Published Date: 2007-08-02 23:50:00
Subject: PRO/MBDS> Porcine reproductive & respiratory syndrome - Viet Nam (05)
Archive Number: 20070802.2505
PORCINE REPRODUCTIVE & RESPIRATORY SYNDROME - VIET NAM (05)
A ProMED-mail post
ProMED-mail is a program of the
International Society for Infectious Diseases
Date: Thu 2 Aug 2007
Source: Thanh Nien [edited]
Quang Nam province in central Viet Nam, which has been worst hit by
the porcine blue ear disease, refused to declare some districts
disease-free Wednesday [1 Aug 2007], as one more locality reported an outbreak.
The provincial government at a meeting rejected requests from some
communes in Duy Xuyen and Thang Binh districts to declare themselves
free from Porcine Reproductive and Respiratory Syndrome (PRRS), as
the disease is medically known.
Instead, it instructed them to take another look at over 1800 pigs
currently under treatment and cull them if necessary. It also
instructed disease-hit localities to take drastic measures to contain
the epidemic, like preventing illegal transport of infected pigs,
inoculation, and quarantine of infected sites.
On the same day [1 Aug 2007], the central Department of Animal Health
declared the province's Phu Ninh province as infected, after 8 pigs
were reported sick.
Besides Quang Nam, the disease has also spread in Thua Thien Hue and
Quang Ngai provinces and Danang city in the central region, infecting
over 30 000 pigs, and in Long An province in the south.
Quang Ngai officials caught red-handed Tuesday [31 Jul 2007] a
slaughterhouse in Mo Duc district packing 700 kg of suckling pigs
into 14 frozen containers ready for sale and found 156 more piglets
held in cages.
All the pigs were of unclear origin and without any inoculation or
inspection papers. The abattoir owner does not even have a trading
license. The animals were culled.
Australia Viet Nam Science Technology Link
Date: 2 Aug 2007
Source: Viet Nam Net [edited]
The Ho Chi Minh City Steering Board for Disease Control convened an
urgent meeting yesterday [1 Aug 2007] to discuss ways of combating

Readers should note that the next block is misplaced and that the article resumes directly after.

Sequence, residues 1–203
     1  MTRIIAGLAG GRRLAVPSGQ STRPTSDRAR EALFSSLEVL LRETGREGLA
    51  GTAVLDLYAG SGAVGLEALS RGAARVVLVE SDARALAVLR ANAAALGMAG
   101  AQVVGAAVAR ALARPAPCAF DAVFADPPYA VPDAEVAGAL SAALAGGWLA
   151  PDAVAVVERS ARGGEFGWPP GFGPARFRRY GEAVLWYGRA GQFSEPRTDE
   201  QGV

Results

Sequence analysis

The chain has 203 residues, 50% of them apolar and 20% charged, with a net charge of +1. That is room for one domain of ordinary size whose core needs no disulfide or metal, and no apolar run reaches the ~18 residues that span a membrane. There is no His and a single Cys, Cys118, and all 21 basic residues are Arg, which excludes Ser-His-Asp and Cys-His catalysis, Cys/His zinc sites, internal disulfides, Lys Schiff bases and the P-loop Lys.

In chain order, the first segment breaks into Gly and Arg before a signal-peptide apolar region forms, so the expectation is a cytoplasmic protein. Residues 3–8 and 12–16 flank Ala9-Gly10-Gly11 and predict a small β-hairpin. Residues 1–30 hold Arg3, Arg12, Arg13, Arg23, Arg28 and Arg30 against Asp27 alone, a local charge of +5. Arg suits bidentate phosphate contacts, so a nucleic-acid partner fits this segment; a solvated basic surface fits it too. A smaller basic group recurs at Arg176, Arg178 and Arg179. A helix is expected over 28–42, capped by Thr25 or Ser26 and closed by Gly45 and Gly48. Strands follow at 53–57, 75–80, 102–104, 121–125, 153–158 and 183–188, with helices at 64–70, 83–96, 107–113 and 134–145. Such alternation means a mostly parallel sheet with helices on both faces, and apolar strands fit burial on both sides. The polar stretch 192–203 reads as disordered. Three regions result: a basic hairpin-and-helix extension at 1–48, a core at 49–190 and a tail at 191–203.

the rapidly spreading pig disease Porcine Reproductive and
Respiratory Syndrome Virus, commonly known as blue ear.
The Ho Chi Minh City Department of Animal Health said pig farmers
should not increase their herds until the danger had passed and
should kill the pigs they do have then freeze and process them.
Nguyen Phuoc Thao, director of the Department of Agriculture and
Rural Development, advised that vaccination against infectious
diseases be stepped up.
To deal with a possible epidemic actively, he said those responsible
for controlling the disease must be determined to kill all pigs with
blue ear so that it cannot spread.
The flip side of this, as was pointed out at the meeting, is that
illegal slaughterhouses and businesses will shut their doors if they
see an inspector anywhere in the vicinity.
Inspectors need a warrant before searching a farm or business
premises, but it takes a long time to get one because of all the
paperwork and other formalities.
Moreover, some farmers are banking on big profits from the reduced
supply of pork, but only if their animals are lucky enough not to
contract the disease.
At the local level, authorities in Binh Chanh District are beefing up
their monitoring of the streets and rivers and asking that pig
farmers to cooperate by not increasing their herds or raising pigs
whose origin is unknown.
In Long An Province on Monday [30 Jul 2007], inspectors found a
diseased pig among 4 that had just been taken to a slaughterhouse in
Can Giuoc District.
They killed all 4 pigs immediately, and the Long An Department of
Animal Health penalized a local vet for failing to spot the sick animal.
For some reason, blue ear seems to be less of a problem in Central Viet Nam.
Quang Nam's Department of Animal Health says only 2119 diseased pigs
have been found in the province and only in 4 districts: Duy Xuyen,
Dien Ban, Que Son and Thang Binh.
In nearby Da Nang, vets are treating 180 pigs with blue ear. Cao Xuan
Thai, who heads the coastal city's Department of Animal Health, says
authorities and farmers have worked well to control the disease.
[In the most recent report to OIE (dated 1 Aug 2007 and available at:
information on 31 outbreaks of PRRS in Viet Nam were provided. The
reported outbreaks occurred in Quang Ninh (1 outbreak reported),
Quang Nam (22 outbreaks reported), Quang Ngai (2 outbreaks reported),
Hai Phong City (1 outbreak reported), Long An (1 outbreak reported),
Thua Thien - Hue (2 outbreaks reported), Vinh Phuc (1 outbreak
reported) and Da Nang City (1 outbreak reported). See above provided
URL link for more details on each of the outbreaks reported.
A summary of the overall outbreak statistics from the OIE report:
Species / Susceptible / Cases / Deaths / Destroyed / Slaughtered
Swine / 41 528 / 24 285 / 3355 / 1256 / 790
Species / Apparent morbidity rate / Apparent mortality rate /
Apparent case fatality rate / Proportion susceptible removed*
Swine / 58.48 percent / 8.08 percent / 13.82 percent / 13.01 percent
* Removed from the susceptible population either through death,
destruction or slaughter
In addition to the outbreaks listed in the OIE report, the above
newswires mention Phu Ninh province as having identified an outbreak
as well as probable additional outbreaks in Quang Nam province, the
province thus far reporting the most number of outbreaks, and in new
areas in Long An. Of note, and concern, is the mention of the
identification of probable attempted illegal trade of animals,
bypassing the usual regulations applied to animal transport and sale,
unfortunately a not uncommon occurrence that probably contributes to
the spread of disease from one geographic location to another.
For maps of Viet Nam with provinces and regions of the country, see